Wednesday, August 23, 2006



In The Weaver’s Valley by William Allegrezza
(Blue Lion Books, Espoo, Finland & West Hartford, CT, 2006)

The page before the first poem in William Allegrezza’s In The Weaver’s Valley offers a brief note about the book’s methodology, and it begins:

The governing rule in writing this collection was time. I set out to write five poems a day over fifty days.

In other words, there is a reliance on a concentrated focus for a significantly prolonged period of time. When such is deliberately part of the method, the mark of the work’s success, for me, is when, at some point in the process, the artist is tipped onto a higher level of play (that “zone,” in athletic parlance). In this zone, the poet ceases to write the poems and, instead, the poems write themselves.

The process is not unique, of course, to Allegrezza and I’ve seen it practiced in other arts like painting. Another example of this methodology of concentrated, prolonged focus is 100 MORE JOKES FROM THE BOOK OF THE DEAD (Meritage Press, St. Helena, 2001) which features an etchings-based collaboration between poet John Yau and visual artist Archie Rand. The two passed etchings to each other, Yau offering words from which Rand can riff visually and vice-versa. I cite this example because Yau wrote an essay about methodology from which I conveniently can cite:

Archie [once] proposed that we do one thousand watercolors over the course of a weekend. His reason was simple. Only by doing so many works in a single sitting could we possibly get beyond our habits of thinking, seeing and doing.

100 MORE JOKES… memorializes 100 etchings done in one sitting and it is a work that does transcend the limits of the autobiographical I/eye or what Rand calls “habits of thinking, seeing and doing.”

So, as I read through Allegrezza’s book, I was interested in getting a sense of whether the poems came to be writ from the “zone”. I suggest the answer is “Yes” --compare this poem on Page 8 (all the poems are untitled except for numbers and dates):

“I have played in the snow
as bombs were falling”

the contrasts that instruct

               some ancient scribe
               laughing covers his eyes
                (no soft voice calms him)

               ears                guards
                               situations                revival

“I would ask for forgiveness”

with the book’s second-to-the-last poem on Page 249:

white mountains rose above the trail.
we looked at them momentarily
and then continued walking.

Though I generally found all of the poems effective as individual works, for me, the latter/later poem seems closer to the (im)pulse that created it into being.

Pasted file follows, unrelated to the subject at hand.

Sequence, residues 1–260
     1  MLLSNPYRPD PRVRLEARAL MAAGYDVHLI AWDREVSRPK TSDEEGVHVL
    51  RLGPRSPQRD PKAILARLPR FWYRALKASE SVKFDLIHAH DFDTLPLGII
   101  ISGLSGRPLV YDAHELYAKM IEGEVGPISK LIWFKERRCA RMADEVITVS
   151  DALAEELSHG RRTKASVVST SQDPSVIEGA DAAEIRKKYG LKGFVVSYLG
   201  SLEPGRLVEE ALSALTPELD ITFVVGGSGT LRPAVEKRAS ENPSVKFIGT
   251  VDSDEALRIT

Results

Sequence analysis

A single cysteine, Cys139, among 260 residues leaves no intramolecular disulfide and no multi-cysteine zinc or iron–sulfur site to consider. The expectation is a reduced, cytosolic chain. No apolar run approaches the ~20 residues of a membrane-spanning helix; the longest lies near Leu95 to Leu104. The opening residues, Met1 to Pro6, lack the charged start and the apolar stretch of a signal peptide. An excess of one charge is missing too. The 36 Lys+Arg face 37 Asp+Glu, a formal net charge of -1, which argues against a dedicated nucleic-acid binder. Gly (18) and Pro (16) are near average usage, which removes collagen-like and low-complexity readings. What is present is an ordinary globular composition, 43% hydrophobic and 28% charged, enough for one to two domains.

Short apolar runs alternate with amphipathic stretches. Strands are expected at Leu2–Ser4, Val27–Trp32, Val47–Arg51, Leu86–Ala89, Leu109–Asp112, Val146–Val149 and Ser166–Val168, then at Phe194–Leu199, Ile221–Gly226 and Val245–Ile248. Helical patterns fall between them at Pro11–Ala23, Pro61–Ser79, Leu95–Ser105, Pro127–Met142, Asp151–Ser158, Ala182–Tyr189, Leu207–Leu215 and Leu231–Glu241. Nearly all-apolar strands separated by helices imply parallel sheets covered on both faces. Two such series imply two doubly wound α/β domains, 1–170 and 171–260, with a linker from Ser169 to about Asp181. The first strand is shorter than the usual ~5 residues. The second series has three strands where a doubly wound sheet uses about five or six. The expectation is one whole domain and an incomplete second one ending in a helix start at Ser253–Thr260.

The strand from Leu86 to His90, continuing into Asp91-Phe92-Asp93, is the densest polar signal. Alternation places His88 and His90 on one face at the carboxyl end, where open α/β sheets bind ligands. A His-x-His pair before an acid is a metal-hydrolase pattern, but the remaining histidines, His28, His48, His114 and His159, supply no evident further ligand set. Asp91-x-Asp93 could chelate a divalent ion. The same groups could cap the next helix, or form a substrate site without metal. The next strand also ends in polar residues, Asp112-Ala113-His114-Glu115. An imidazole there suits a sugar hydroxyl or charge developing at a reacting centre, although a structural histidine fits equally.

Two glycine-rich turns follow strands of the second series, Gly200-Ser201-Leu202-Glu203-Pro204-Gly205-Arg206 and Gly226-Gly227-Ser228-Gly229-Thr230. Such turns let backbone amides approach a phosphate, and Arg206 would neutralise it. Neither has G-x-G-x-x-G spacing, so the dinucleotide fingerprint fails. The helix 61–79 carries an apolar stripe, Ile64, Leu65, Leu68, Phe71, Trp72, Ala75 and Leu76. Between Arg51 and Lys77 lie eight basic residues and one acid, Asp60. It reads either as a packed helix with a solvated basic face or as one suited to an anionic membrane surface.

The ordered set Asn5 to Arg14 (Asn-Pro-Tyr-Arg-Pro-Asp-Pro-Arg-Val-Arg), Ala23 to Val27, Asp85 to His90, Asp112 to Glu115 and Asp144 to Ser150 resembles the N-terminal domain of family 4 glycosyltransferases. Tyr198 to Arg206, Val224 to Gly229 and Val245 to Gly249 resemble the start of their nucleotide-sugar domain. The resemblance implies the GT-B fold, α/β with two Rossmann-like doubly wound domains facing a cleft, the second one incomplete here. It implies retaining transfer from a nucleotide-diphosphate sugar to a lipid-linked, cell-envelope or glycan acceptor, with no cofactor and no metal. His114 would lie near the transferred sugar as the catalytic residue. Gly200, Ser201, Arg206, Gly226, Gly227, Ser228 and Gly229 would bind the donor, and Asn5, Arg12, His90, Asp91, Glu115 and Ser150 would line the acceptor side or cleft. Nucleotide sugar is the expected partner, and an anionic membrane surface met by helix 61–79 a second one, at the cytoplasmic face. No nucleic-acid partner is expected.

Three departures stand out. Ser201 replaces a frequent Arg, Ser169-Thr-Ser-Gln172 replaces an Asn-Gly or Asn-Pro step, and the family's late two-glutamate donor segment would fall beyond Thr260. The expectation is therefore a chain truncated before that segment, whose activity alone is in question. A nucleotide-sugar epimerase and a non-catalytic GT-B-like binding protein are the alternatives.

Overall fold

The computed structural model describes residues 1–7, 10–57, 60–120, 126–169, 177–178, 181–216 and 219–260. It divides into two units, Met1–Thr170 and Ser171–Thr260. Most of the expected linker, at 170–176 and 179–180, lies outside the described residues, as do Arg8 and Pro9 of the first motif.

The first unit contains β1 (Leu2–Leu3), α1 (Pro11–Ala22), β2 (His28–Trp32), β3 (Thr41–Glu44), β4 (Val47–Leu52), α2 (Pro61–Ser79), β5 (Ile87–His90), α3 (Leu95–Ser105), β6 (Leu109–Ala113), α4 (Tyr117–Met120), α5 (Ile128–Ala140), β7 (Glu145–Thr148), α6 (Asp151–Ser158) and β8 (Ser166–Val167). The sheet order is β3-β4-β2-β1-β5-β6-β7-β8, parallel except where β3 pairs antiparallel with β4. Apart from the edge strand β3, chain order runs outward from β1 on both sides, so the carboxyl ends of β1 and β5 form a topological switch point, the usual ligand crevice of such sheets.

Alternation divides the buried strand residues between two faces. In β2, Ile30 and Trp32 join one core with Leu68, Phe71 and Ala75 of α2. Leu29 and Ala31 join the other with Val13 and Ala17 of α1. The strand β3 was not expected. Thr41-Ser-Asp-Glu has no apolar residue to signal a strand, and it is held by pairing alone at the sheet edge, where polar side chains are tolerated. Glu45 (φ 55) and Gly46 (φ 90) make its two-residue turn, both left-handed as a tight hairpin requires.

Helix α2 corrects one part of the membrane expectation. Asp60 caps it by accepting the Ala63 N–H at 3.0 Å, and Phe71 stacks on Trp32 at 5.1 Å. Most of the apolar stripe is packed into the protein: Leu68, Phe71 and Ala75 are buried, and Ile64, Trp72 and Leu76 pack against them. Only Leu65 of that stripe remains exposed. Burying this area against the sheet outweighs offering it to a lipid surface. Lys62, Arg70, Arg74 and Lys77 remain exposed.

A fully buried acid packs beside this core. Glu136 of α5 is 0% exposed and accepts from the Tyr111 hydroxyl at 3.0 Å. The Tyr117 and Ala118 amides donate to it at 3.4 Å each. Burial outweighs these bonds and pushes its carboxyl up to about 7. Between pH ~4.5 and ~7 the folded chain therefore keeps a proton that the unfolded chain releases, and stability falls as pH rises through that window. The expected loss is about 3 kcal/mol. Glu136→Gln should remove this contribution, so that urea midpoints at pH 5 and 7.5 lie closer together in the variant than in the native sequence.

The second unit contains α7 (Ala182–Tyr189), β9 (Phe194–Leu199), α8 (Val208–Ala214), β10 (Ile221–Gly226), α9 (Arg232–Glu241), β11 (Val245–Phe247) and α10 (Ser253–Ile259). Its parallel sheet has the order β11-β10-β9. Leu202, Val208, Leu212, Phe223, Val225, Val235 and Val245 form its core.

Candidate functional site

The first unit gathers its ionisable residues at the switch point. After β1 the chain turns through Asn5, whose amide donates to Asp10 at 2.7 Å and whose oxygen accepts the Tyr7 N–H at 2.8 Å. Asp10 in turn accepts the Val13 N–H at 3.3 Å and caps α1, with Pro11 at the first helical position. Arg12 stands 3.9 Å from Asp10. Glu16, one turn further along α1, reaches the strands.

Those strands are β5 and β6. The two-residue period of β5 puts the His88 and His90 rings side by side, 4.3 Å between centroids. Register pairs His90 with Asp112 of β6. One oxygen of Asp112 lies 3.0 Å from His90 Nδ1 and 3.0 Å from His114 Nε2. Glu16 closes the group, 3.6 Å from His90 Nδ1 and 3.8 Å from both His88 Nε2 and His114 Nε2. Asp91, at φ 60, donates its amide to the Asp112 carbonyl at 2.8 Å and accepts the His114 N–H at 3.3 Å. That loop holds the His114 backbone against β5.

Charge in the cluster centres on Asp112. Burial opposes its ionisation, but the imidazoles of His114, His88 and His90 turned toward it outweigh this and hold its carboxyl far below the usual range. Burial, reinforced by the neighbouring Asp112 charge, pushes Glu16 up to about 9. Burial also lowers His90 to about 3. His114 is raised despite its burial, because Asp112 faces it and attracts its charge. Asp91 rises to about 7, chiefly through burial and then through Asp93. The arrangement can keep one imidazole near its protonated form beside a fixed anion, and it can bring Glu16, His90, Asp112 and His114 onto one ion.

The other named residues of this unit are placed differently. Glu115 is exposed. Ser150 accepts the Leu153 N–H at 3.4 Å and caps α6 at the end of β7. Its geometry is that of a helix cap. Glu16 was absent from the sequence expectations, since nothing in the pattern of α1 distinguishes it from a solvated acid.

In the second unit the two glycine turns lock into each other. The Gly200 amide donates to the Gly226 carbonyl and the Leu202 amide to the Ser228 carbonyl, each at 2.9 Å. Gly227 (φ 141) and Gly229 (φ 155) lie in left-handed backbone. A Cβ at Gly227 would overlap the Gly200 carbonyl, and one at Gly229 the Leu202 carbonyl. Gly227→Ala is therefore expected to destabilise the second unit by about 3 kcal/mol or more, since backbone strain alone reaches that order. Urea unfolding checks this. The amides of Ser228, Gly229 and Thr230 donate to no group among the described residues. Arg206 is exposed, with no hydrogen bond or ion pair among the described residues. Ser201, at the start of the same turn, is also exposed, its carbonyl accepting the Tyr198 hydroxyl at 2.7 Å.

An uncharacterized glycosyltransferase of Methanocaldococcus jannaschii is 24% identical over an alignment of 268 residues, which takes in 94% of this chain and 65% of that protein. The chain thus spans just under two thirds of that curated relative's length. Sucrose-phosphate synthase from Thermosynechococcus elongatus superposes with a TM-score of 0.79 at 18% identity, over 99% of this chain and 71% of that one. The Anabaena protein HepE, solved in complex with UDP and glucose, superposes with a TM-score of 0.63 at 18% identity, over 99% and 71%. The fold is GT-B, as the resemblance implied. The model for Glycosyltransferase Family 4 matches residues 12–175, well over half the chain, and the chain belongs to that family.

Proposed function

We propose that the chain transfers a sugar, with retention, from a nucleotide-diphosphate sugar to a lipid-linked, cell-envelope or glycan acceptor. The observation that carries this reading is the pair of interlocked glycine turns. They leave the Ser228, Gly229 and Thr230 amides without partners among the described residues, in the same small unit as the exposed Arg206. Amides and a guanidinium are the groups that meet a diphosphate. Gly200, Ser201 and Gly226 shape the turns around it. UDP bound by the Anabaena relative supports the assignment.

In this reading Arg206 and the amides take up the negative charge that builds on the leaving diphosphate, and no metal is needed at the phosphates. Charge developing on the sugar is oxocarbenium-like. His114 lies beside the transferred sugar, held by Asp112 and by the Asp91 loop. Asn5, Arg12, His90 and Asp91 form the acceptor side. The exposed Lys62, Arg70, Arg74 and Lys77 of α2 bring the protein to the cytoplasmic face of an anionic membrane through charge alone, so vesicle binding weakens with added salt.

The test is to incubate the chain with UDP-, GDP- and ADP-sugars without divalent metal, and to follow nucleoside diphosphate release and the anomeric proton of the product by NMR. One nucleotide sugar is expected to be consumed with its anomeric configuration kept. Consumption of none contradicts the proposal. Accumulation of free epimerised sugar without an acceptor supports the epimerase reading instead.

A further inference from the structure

Moreover, as one reads through the book, its energy arc never slips; it’s as if each poem was engendered by the prior poem so that the energy, if a line, is ever vertical. It's process-based work -- which would make sense if, ultimately, one agrees that the poems came to write themselves.

Nonetheless, what is also marvelous about this collection is how the energy does not remain abstract. There is a specific narrative overlay to the book that need not have been necessary as the work’s energetic drive, alone, already thrills. As I read it, that narrative may have to do with the futility -- but a worthwhile futility -- to poem-making. Here’s the last poem:

as the darkness approaches
the weavers leave the valley
the shades move away
and the voices grow silent

fragments remain
discarded in the meeting spaces
where embers still smoke
and papers have not yet
succumbed to time.

I feel those last two lines form an ending of unflagging desire -- of anti-nihilism. We all die: the poem does not say “the papers have not/ succumbed…” but says “the papers have not yet/ succumbed to time.” But there is living to occur during that period of “not yet.”

And yet, poetry is replete with paradoxes. And a prolonged focus on poetry, a long work, may lead one to the phrase that surfaces repeatedly, insistently, throughout the book:

“true utterance lost”.

So be it. Poetry’s power is how inarticulateness has never prevented Poetry from existing. But, again, the reader ends with a conclusion of Hope. And, here, form matches content: Hope, as energy, is ever vertical -- that is, forward-looking.


Eileen Tabios HEARTS her dogs who often lie under a poker game here. Her latest poetry collection is THE SECRET LIVES OF PUNCTUATIONS, VOL. I whose 2006 sales proceeds will be donated to SAVE DARFUR.


At 7:46 PM, Blogger na said...

Another view is offered by Neal Leadbeater in GR #25 at


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